Finally I reached the top and had a few minutes respite before the climb onto Croker Hill, more panoramic views and a long descent to the next checkpoint, where there were crisps- mmm… a bit of salt is always welcome on a hot day. In true Mature Plodder style I was happily in last place, but caught up with two ladies at the checkpoint and we walked together.

Descending Croker Hill towards the second check point

Descending Croker Hill towards the second check point

It is amazing what a difference it makes having company. I felt so much better and almost had a spring in my step as we approached Tegg’s Nose. It didn’t last! Tegg’s Nose must be one of the steepest climbs I have ever encountered, mainly made up of those huge stone and wood steps which are a nightmare for those of us with short legs! The two ladies I was walking with discovered that their respective partners, who had run the event, had both finished joint second, which was amazing.

Finally the beast that is Tegg’s Nose was conquered, and the flagstone descent made to the visitor’s centre, where there was another charity event going on and we were very kindly given a bottle of water and a banana each by their organiser to keep us going!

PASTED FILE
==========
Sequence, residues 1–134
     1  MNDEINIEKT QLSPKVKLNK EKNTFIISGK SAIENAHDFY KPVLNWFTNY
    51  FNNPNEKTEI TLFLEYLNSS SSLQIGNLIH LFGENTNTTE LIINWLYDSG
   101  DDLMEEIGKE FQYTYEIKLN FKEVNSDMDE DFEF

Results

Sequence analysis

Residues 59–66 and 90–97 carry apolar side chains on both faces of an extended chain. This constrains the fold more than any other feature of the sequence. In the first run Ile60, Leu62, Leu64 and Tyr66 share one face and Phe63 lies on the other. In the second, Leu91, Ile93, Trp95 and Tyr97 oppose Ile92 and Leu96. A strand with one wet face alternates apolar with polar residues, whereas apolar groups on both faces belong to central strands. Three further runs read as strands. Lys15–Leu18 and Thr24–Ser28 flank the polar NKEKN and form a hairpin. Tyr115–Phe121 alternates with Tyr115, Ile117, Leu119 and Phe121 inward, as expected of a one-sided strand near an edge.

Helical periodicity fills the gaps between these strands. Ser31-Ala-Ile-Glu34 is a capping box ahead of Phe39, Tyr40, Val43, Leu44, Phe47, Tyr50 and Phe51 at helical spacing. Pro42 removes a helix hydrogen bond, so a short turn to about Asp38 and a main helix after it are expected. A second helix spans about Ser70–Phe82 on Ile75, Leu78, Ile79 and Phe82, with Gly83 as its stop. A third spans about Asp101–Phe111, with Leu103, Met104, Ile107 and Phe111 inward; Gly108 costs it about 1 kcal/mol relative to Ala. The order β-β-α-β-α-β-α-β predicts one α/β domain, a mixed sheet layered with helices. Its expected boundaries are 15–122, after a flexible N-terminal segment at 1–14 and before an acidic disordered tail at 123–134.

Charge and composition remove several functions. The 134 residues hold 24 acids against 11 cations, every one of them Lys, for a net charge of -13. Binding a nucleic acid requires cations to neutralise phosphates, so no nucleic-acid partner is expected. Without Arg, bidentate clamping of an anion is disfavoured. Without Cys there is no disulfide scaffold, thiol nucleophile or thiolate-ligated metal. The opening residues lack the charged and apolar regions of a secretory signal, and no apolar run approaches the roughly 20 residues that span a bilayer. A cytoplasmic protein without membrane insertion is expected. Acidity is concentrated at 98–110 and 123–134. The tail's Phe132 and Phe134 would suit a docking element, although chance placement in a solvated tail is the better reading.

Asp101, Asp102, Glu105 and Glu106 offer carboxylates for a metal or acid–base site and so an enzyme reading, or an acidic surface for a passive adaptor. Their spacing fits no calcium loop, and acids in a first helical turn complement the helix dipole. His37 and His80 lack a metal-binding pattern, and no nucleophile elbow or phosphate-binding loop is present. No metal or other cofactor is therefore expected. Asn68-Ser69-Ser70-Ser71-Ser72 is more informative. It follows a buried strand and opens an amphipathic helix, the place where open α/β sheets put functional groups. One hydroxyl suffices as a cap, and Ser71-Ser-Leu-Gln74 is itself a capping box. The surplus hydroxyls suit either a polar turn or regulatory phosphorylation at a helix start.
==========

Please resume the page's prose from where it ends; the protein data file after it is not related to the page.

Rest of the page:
Rainow's rainbow

Rainow’s rainbow

After a gentle and pretty stretch through fields to Rainow, where we actually saw a rainbow, a really steep but mercifully quite short climb to the top of the narrow ridge of Kerridge got the legs burning again just nicely. At the northern end of the ridge a curious white monument is passed, sticking up proudly like a cold nipple. Known as White Nancy, it was built in 1817 to commemorate the English victory at the Battle of Waterloo.

White Nancy

White Nancy

It wasn’t far to the last manned checkpoint at the road at Oakenbank where one of the ladies I was walking with decided to stop as her knees were really painful. She was happy though as this was the farthest she had walked in one day, so we were chuffed for her.

The two of us pressed on, determined to complete as many of the remaining seven miles as possible before darkness fell. We headed out and uphill, legs protesting and burning, lungs heaving, over a vast expanse of moorland where the way markers for the Gritstone Trail are rather erratic and seemed to send us zigzagging randomly over the moor. I must admit I had had enough at this point and just wanted to finish, and had I been on my own I would have thrown a tantrum. The tops of my legs were aching after all the climbing they had done and I felt exhausted. We were losing the light which concerned me as this is the remotest part of the whole route and I didn’t fancy picking my way over rough, tussocky grass in the dark.